That’s where the seven habits of highly effective people come in:

  • Habits 1, 2, and 3 are focused on self-mastery and moving from dependence to independence.
  • Habits 4, 5, and 6 are focused on developing teamwork, collaboration, and communication skills, and moving from independence to interdependence.
  • Habit 7 is focused on continuous growth and improvement, and embodies all the other habits.

Our character, basically, is a combination of our habits. Because they are consistent, often unconscious patterns, habits constantly express our character and produce our effectiveness – or us in effectivenes

Changing our habits to improve what we are is a long process. Getting new habits, we must be patient with our self because changing you character is not a quick fix but we can see immediate benefits.


Paradigms and Principles


The seven habits described in this book are based on natural laws and if you adopt them, they will bring the maximum long-term beneficial results for you. People perceive the world differently. We all have our own paradigm and we see things according to our paradigms.

If you want to change your life, you must first change the way you look at the things, you should focus on improving your personal attitude and behaviour.


Three habits of private victory

HABIT 1: Be Proactive


We’re in charge. We choose the scripts by which to live our lives. Use this self-awareness to be proactive and take responsibility for your choices.

Proactivity means that as human beings we are responsible for our own lives.



We’re in charge. We choose the scripts by which to live our lives. Use this self-awareness to be proactive and take responsibility for your choices.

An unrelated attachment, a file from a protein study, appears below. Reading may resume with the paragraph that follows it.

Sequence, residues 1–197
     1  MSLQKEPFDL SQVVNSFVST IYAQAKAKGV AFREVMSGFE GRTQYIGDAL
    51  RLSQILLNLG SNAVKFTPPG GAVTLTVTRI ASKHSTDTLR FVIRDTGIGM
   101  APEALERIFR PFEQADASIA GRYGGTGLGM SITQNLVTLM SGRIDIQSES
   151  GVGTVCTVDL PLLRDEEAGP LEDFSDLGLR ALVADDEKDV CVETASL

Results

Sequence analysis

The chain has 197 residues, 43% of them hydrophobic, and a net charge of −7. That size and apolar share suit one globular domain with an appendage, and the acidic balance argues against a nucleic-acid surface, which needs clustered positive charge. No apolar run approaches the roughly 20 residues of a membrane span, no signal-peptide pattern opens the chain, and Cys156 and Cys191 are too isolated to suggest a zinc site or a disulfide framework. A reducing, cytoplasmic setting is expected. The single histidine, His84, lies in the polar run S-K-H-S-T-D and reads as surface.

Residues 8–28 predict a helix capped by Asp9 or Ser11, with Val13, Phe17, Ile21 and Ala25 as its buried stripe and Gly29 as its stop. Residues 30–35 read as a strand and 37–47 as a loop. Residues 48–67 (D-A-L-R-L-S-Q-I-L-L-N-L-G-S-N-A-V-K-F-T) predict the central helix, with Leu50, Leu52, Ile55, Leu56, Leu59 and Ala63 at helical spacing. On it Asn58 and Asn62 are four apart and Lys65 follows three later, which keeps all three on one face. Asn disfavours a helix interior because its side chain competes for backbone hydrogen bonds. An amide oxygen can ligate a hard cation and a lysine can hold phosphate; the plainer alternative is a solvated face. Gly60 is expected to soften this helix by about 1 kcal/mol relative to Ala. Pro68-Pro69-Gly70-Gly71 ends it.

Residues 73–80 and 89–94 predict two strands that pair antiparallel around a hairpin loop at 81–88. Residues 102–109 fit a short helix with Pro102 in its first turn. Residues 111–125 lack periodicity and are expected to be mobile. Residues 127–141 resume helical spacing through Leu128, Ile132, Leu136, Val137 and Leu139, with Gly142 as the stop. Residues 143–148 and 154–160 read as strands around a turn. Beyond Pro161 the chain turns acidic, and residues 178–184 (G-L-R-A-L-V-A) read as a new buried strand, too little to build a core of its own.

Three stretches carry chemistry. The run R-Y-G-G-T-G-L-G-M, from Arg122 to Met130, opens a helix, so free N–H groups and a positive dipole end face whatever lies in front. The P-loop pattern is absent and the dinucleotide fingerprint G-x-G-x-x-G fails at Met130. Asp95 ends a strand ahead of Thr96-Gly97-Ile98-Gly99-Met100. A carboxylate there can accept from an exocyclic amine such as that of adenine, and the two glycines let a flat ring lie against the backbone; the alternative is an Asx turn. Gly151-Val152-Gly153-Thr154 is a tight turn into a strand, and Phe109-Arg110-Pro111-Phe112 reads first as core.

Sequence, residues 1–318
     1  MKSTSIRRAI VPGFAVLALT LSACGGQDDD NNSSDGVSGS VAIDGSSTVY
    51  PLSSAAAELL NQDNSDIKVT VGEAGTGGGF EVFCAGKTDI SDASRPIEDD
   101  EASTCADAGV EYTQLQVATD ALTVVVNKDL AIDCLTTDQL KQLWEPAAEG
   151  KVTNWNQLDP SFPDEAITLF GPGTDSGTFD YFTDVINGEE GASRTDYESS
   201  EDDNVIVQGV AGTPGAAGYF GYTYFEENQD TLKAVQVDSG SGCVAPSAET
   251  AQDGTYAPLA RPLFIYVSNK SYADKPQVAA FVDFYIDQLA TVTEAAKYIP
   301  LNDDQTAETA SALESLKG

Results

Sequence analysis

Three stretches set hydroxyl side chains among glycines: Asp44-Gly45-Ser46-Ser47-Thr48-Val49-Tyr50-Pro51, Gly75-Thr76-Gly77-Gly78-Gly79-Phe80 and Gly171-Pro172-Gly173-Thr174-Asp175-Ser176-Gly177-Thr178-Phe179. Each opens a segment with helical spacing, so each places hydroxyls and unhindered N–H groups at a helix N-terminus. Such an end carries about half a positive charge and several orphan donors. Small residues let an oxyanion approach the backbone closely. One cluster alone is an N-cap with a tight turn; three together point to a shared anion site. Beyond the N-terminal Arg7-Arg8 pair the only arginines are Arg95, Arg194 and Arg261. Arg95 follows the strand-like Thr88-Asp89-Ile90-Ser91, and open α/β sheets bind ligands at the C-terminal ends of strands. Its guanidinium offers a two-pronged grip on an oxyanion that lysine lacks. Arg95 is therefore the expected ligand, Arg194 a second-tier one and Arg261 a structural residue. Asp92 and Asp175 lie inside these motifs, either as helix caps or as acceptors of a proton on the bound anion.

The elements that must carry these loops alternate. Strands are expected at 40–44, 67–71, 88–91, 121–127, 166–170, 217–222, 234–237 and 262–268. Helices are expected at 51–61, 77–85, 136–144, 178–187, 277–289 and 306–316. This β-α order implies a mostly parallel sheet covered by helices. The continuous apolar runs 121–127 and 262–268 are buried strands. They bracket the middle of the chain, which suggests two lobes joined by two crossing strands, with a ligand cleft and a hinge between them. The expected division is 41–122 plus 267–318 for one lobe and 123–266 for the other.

Reactive people take a passive stance they believe that the world is happening to them. They say things like:

“There’s nothing I can do.”  or  “That’s just the way I am.”

They think the problem is “out there” but that thought is the problem. Reactivity becomes a self-fulfilling prophecy, and reactive people feel increasingly victimized and out of control.

Proactive people recognize that they have responsibility or “response-ability,” which Covey defines as the ability to choose how you will respond to a given stimulus or situation.


Exercise for 30 days to become more proactive:

1) Work only in your smaller circle of influence

2) Make small commitments to yourself and others, and keep them

3) Be a light, not a judge; be a model, not a critic; be the solution, not the problem. If you stall to think some important problem in your life is “out there” somewhere, stop yourself. That thought is the problem.


In order to be proactive, we must focus on the Circle of Influence that lies within our Circle of Concern in other words, we must work on the things we can do something about.




The positive energy we exert will cause our Circle of Influence to expand.

Reactive people, on the other hand, focus on things that are in their Circle of Concern but not in their Circle of Influence, which leads to blaming external factors, emanating negative energy, and causing their Circle of Influence to shrink.

It is also important to identify our centre. Whatever is at the centre of our life will be the source of our security, guidance, wisdom, and power.

In the book there is a long list of different kind of centers. However, Covey notes that none of these centers are optimal, and that instead we should strive to be principle-centered. We should identify the timeless, unchanging principles by which we must live our lives. This will give us the guidance that we need to align our behaviours with our beliefs and values.


HABIT 2: Begin with the end in mind


Start with a clear destination in mind. Covey says we can use our imagination to develop a vision of what we want to become and use our conscience to decide what values will guide us.